Adding extra strength through water-tight bulkheads, extra framing, etc., added a little extra work, but added an enormous amount of safetor high latitude passage-making. I also redesigned the original swing keel to be hydraulic rather than manual. Six thousand pounds of keel is a lot to handle manually. Using hydraulics had the added advantage of stopping the keel from swinging back into its housing if the boat ever should capsize.

Thor is built from 22,000 pounds of 5086 aluminum. The bottom plate is 5/8” and ¾” making it strong enough to be beached. The rest of the hull plating is ½."  The deck and the pilothouse is ¼.” We cut and welded the plates together on a 65 foot long welding table.  At this point high accuracy required keeping the plate butts perfectly aligned.   This was also the first test for our welding machine set up and the certified welder who was doing all the hull welding during Thor's construction.  Several destructive and ultrasound tests were performed; we were very happy about machine and man after the perfect outcome of all the tests.


Three 20 foot sheets were welded together to form the bottom plate. After lofting the shape onto the plate, we cut the plate. As we had only one table, we built one plate after another, strategically placing them aside ready for assembly.

Moving the 65 foot plates was quite a handful. As  we had no overhead crane, we had to help ourselves with an A-frame and a forklift with a long loading boom. After all hull plates were prepared, the assembly started with setting the base plate to the correct shape. We set the jig(a set of blocks below the vessel) to form the baseplate into the right shape. One by one we added the chine and topside plates stitching them with tack welds and small braces.  It was quite amazing how easily things came together.  At this stage, it was a large advantage had time to arrange correct weld angles on the entire length of the plate butts.  Where a boatyard is always driven to consider profits, for us, the accuracy and the quality of weld joints was our highest priority. 


​The construction of Thor drew upon my lifetime of experience building and maintaining metal boats.   I chose my crew because of their youthful energy and experience working metal.  It was a pleasure to see the energy they brought to the project and how they inhaled the additional knowledge I could pass on.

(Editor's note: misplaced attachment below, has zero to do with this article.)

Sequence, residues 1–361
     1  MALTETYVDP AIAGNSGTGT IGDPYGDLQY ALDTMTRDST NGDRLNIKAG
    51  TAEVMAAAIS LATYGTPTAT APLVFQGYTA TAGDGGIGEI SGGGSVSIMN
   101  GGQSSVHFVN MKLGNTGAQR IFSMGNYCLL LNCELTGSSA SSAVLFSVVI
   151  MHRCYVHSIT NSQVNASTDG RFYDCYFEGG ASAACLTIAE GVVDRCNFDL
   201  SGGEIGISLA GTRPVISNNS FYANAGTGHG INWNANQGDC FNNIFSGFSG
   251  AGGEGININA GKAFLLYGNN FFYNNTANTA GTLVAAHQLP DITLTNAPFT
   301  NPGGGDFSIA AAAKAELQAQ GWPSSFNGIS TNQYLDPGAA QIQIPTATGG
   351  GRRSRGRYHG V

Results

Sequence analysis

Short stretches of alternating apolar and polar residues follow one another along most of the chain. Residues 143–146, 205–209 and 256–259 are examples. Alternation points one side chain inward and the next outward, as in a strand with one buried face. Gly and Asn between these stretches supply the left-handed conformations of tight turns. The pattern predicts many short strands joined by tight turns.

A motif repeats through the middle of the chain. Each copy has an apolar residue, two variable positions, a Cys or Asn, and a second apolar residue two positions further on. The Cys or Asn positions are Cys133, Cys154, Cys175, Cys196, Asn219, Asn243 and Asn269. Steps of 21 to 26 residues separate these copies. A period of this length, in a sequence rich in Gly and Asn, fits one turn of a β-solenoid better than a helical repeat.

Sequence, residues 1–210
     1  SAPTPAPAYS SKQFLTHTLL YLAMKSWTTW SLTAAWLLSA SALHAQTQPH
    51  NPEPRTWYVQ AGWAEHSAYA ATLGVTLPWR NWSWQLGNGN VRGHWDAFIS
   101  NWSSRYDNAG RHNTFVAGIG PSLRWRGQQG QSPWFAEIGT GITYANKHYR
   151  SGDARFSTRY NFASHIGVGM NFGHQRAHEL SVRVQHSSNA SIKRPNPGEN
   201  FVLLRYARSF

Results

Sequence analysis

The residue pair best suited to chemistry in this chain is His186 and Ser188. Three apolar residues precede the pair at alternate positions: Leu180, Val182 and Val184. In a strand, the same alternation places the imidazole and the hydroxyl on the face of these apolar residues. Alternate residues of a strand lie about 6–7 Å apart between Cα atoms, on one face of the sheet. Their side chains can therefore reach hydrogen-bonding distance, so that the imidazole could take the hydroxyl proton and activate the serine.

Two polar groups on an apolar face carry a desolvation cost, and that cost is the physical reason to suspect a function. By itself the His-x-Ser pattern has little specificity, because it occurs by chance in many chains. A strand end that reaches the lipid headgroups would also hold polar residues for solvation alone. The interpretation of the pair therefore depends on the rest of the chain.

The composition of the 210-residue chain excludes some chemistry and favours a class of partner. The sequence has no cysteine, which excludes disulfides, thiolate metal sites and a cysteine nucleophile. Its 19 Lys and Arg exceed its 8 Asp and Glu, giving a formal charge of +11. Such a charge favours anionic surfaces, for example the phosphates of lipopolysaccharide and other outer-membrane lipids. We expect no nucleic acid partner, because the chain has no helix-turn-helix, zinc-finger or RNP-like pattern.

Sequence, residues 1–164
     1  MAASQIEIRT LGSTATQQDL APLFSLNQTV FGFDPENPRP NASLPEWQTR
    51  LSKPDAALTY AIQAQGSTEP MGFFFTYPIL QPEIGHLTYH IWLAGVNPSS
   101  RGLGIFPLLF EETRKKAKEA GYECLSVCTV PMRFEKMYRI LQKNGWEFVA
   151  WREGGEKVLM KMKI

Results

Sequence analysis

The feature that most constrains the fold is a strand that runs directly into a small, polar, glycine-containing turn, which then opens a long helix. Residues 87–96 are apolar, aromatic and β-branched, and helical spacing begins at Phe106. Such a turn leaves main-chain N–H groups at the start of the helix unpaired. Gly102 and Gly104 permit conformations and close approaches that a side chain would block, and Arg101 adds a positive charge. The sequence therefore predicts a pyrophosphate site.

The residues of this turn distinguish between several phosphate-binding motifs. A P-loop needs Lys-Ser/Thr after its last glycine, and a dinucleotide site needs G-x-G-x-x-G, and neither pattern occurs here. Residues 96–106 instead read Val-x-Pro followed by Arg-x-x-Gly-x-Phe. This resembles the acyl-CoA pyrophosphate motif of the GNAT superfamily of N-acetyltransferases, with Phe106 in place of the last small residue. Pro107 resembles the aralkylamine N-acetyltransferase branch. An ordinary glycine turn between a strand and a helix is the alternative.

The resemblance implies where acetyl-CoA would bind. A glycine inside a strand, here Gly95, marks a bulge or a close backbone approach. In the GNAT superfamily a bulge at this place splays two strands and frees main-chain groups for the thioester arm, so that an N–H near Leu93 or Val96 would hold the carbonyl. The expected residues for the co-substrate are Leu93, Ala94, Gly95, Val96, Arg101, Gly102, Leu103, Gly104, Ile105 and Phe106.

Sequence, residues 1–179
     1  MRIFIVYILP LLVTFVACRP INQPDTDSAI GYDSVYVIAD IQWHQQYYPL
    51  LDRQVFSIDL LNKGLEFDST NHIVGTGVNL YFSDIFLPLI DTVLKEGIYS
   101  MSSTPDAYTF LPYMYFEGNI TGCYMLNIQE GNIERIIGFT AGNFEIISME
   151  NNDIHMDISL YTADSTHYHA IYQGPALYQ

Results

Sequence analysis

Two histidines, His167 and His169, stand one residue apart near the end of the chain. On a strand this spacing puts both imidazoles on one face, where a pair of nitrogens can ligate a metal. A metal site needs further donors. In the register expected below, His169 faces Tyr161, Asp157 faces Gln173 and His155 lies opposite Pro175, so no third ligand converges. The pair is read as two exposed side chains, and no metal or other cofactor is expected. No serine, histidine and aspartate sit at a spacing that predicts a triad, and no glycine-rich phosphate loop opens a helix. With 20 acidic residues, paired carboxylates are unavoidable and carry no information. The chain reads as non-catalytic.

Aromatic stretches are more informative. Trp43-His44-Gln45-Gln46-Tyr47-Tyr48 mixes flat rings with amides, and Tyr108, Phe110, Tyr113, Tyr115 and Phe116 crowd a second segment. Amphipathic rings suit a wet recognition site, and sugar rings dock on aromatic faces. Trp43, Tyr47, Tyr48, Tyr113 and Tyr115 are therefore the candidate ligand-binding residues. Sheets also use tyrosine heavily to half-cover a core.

One by one we added the chine and topside plates stitching them with tack welds and small braces. It was very important at this stage to check the correct angles to the lower plate and beam at several stations. Working with two full-time helpers, it was 8 weeks from the day the aluminum arrived until we had all 5 plates stitched together into the hull shape.


The most practical tool for cutting the plates was a 7 ½” worm-drive circular saw with Tenryu aluminum cutting blades. Lubricant extended the blade lifetime so we only used about 9 blades to cut the 5 plates to size. We ended up with an extremely clean and accurate cut. After cutting, we pre shaped the plate edges using a standard hand planar with tool steel blades to get a 110 degree welding gap. This was rather difficult as you always had to watch the cutting amount otherwise the planar would grab and destroy the blades in a split second. Using this method, we ended up with a clean weld surface. For welding the heavy plate, we used a 350 amp Lincoln with a water cooled Cobramatic. A 250 amp Miller air cooled welder was used for tacking and later for detail work.

After the 5 hull plates were tacked, water-tight bulkheads, floors, keel, and centerboard case were added. To the original design, I added 3 water tight bulkheads plus a large water-tight engine room. From the engine room forward, the vessel has underfloor tanks holding 1200 gallons of diesel and 22,000 pounds of lead ballast in separate ballast compartments.  We separated the ballast from the aluminum with 3/8" fiberglass laminate.  After all, I had made a lot of money repairing corrosion problem areas on other aluminum boats and did not want to fall into the same trap.


For the superstructure, my wife insisted on a pilothouse. We both had admired Dashew’s Beowulf deck set-up so we fashioned our deck after his including using the pilothouse as an extension of the cockpit.   My wife insisted on having a cozy pilothouse for high latitude sailing so we I added a sliding door to protect us in cold weather situations.   This would prove to be one of the best design features!

Constructing the hydraulic lift keel with 4000 pounds of lead ballast took an enormous effort.   Any boat yard would fill the hollow keel with lead and rely on the fact that there never will be any water intrusion to create electrolysis pathways.   I wanted a keel that would never create problems for me or owners to come so I separate all ingots with a high density plastic.  After filling the keel with 2 tons + of lead, I welded the base plate and vacuumed filled the entire void with fiberglass resin. 

We took time to engineer the boat for short-handed sailing. We chose a 1013 Deutz Diesel with 250hp. It is the only engine of this size left on the US market that met Tier 2 and has no electronics. The Deutz 1013 is mainly used on commercial vessels and has a 100% duty cycle 24 hrs a day.  The engine lives in a large water-tight engine room, with standing headroom.